Eighty-five year old Betsy lies on the bed where she will soon expire. She’s lived a full and fascinating life to say the least. Family and friends surround her. More gather throughout the house. Outside, hundreds. They are there not only to honor a unique human, but to hear what she will say before she takes her last breath. Why? Why not?
The day Betsy was born and joined the rows of newborns who were fast asleep in the hospital nursery, she was wide awake, on her side, facing away from the others, gurgling nonstop. The nurses had never seen anything like it. In fact one swore she saw baby Betsy waving her hands as if to make a point. As we will soon learn, our girl was breaking the sixth wall.*
*The universally-despised mid-page footnote. Breaking the third wall occurs when an onscreen or onstage character directly or indirectly acknowledges that they are in a movie, tv show or play. Breaking the fourth wall is when a character speaks directly to the audience. i.e. “Annie Hall”, “Ferris Bueller’s Day Off” and “Fleabag”. The fifth wall is similar, but it occurs when the actors reference their lives outside of the performance.
Breaking the Sixth Wall?
Well, there was no sixth wall. That is, until Betsy began turning away from what was happening in front of her in real life and addressing it with an entertaining comment to no one in particular. An imaginary audience.
As a child, joining in with her family around the dinner table was quite a challenge. Everyone but little Betsy relentlessly talked over each other to make their positions clear. It produced a desperate cacophony of sounds. Betsy calmly swiveled toward the unoccupied living room and said “Tuesday night was chicken night, but the chickens sat in chairs”.
In school when the behaviorally-challenged boy sitting behind her dropped a frog down the back of her shirt, Betsy turned toward an open window with “If stupidity was pee, he’d be a urinal”.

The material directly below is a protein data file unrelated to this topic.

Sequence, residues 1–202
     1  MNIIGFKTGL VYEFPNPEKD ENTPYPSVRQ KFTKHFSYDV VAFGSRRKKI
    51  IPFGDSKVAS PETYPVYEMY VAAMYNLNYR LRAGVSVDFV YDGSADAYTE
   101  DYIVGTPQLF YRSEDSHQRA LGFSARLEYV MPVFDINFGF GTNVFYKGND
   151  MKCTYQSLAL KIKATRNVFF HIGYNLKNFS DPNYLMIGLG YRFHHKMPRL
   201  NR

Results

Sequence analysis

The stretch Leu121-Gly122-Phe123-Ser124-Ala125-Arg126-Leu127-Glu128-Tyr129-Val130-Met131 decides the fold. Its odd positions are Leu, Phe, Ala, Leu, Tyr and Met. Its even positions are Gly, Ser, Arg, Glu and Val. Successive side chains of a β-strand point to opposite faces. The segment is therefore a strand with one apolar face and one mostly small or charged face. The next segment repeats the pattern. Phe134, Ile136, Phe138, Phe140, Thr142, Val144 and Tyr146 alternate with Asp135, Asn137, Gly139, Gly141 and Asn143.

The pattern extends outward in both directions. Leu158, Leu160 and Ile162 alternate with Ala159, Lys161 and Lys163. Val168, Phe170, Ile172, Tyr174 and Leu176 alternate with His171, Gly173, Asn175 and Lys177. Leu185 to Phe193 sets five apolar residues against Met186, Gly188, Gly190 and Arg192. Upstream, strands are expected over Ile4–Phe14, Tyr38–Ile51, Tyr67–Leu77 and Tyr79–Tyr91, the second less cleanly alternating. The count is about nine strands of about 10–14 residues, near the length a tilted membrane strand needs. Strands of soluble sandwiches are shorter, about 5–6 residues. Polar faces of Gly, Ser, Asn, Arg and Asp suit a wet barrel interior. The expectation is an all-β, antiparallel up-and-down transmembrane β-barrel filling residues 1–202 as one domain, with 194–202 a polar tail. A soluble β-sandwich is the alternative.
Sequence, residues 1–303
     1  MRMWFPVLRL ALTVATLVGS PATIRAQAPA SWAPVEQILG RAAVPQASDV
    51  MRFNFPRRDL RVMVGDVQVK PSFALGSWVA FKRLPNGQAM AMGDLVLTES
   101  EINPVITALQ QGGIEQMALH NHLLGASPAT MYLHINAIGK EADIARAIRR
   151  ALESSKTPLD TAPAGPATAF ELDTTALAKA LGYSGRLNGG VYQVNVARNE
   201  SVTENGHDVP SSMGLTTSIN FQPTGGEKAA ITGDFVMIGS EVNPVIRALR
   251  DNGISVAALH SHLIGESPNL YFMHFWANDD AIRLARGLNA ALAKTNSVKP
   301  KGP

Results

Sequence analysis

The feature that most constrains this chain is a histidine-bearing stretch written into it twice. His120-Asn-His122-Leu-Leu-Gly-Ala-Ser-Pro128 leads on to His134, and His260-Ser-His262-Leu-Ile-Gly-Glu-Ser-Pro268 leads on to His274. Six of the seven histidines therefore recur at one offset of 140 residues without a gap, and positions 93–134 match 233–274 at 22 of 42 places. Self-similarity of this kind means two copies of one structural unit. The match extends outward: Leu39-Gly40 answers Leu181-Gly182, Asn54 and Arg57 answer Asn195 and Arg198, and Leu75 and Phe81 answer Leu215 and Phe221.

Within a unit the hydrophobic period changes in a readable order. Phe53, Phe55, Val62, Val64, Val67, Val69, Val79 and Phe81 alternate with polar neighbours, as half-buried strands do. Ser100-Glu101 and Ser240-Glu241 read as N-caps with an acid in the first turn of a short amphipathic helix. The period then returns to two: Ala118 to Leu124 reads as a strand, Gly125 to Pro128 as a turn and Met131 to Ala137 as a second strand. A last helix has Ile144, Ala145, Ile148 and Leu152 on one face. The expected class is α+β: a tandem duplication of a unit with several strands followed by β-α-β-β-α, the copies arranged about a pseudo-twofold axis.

Years later, across the table from her date, Betsy addressing no one at all posited, “First dates are almost always like a vaginal exam using a porcupine.” On the other side of that, during pleasurable sex, she glanced into a floor-to-ceiling mirror and came up with “I’m stuck on him like a Band-Aid on a hairy leg.”
It was her wedding ceremony that put Betsy in the fast lane. When asked by the clergy if she took her fiancée to be her lawful wedded husband, Betsy had nowhere to look but up at the ceiling. “’I do’ should really be ‘I guess’ because fifty-percent end in divorce.” The crowd laughed, acknowledging the truth. Many asked her permission to re-tell that quote to others.
At the podium, while accepting an architectural excellence award Betsy turned her back on the audience of her peers and blurted to no one in particular, “Isn’t it odd my job is to design buildings that won’t collapse before I do.” It received a standing ovation of collegial recognition and translated into late night talk show guest appearances.
One evening Betsy went to the theater and noticed that some members of the audience were breaking the sixth wall during the play. It amazed her that the balance of the theater-goers were paying more attention to the off-the-cuff riffers than to what was happening onstage. Same thing in offices, classrooms, supermarkets, even the chambers of Congress. The population was suddenly divided between sixth wall smashers and listeners. Betsy and her idiosyncrasy wound up on the cover of Time Magazine. A movement was underway.
Betsy continued breaking the sixth wall deep into her senior citizenship and nursing home stay, but unfortunately, it was labeled dementia. The rest of the general population was allowed to drive the practice to insane and unhealthy heights. With so many acolytes repeating these pronouncements, spontaneity became cliché within minutes of it leaving its creator’s mouth.
This brings us back to Betsy’s final gathering, at which a small boy, Jackie Dorsey actually counted the people who were patiently waiting for Betsy’s final words. Three hundred and forty six. Little Jack was both impressed with and intrigued by the how and why committed listeners would immediately spread the proclamations of others. He carried this curiosity into adulthood, which began about the same time the technology boom was starting to sweep through the human populace. Well, we all know where this is going.
George Beckerman makes word sausage that he hopes is tasty. He works on his Commodore 64 pc while listening to 8 track tapes and checking his flip phone for messages. He has been recently published in The Punch Magazine, Queen Mob’s Teahouse and Johnny America and Down In The Dirt Magazine, Little Old Lady Comedy. His work will appear in Evening Street Press and Review in Fall 2022.